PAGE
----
Online payment fraud losses to exceed $200 billion
Ongoing high level of data breaches and fraud innovation driving losses
A new study from Juniper Research has found that businesses in e-commerce, airline ticketing, money transfer and banking services, will cumulatively lose over 200 billion dollars to online payment fraud between 2020 and 2024, driven by the increased sophistication of fraud attempts and the rising number of attack vectors.
The new research, “Online Payment Fraud: Emerging Threats, Segment Analysis & Market Forecasts 2020-2024”, found the increasing ubiquity of digital payments provides an ever-increasing attack surface for fraudsters. The research recommends that payments industry stakeholders focus on an omnichannel fraud approach to mitigate these challenges. This approach must encompass both strict cybersecurity at access points, as well as analytics such as machine learning, to identify fraudulent behavioral patterns.
Machine learning crucial to fighting rising fraud
The new research found that machine learning has become a crucial tool in the fraud detection and prevention arsenal, as it enables payments industry stakeholders to analyze transaction flows in a holistic way, unlocking hidden insights on fraudulent behaviors. The incorporation of machine learning into fraud detection and prevention software will drive spending forward, reaching 10 billion dollars in 2024, a 15 percent increase on 2020.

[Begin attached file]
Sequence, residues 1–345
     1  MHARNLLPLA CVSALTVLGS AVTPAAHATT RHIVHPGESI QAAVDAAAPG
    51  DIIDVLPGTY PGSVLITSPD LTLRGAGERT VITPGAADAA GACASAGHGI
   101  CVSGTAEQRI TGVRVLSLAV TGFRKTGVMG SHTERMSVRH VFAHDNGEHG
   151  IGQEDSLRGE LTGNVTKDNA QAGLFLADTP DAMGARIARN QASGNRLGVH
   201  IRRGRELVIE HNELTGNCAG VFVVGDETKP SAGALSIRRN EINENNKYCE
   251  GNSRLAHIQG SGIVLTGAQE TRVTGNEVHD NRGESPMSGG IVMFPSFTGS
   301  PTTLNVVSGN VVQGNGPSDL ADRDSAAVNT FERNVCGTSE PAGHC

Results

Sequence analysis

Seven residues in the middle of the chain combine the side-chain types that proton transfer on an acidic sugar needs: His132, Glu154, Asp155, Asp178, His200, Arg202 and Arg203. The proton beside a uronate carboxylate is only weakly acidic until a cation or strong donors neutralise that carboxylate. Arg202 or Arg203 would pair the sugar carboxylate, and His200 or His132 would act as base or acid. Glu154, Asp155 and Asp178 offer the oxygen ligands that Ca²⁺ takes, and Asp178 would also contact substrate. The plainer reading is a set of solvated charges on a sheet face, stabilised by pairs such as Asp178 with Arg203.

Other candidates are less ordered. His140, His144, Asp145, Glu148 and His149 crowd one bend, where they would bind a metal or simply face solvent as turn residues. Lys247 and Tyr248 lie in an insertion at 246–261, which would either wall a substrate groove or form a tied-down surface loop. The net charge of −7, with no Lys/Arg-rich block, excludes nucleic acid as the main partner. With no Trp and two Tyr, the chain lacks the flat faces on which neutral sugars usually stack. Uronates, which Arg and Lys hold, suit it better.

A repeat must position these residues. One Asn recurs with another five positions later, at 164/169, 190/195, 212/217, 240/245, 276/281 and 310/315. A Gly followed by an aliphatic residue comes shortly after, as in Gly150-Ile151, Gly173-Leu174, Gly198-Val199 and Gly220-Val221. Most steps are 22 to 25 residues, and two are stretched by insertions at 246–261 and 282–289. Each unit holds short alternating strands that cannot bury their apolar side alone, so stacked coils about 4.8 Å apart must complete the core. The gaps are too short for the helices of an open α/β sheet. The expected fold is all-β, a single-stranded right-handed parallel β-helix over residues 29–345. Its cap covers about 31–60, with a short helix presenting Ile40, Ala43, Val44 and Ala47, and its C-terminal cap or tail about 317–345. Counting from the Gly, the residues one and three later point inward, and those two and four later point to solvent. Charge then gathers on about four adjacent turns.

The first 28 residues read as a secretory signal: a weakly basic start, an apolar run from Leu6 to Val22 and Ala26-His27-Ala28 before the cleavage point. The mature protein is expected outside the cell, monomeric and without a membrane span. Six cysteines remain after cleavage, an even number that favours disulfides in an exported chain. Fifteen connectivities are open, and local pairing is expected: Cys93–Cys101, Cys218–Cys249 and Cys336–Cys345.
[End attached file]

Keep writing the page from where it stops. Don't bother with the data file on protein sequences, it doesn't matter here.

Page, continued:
Research co-author Nick Maynard explained: “The rapidly evolving nature of payment fraud and increased sophistication in attack methods requires machine learning adoption at scale, in order to minimize risk. Constant innovation in analytics and data models is increasingly essential to constraining fraudulent behaviors in payments”.
The research also found that digital money transfer is a growing area for payment fraud, with losses growing by 130 percent from 2020 to 2024. Digital money transfer fraud is particularly strong in emerging markets, with payments vulnerable to SIM swapping fraud and synthetic identities, with less robust security measures in place. The research therefore recommends that ongoing KYC (Know Your Customer) verification, including events-based re-verification following onboarding, are elements that are essential to secure the rising levels of digital transactions.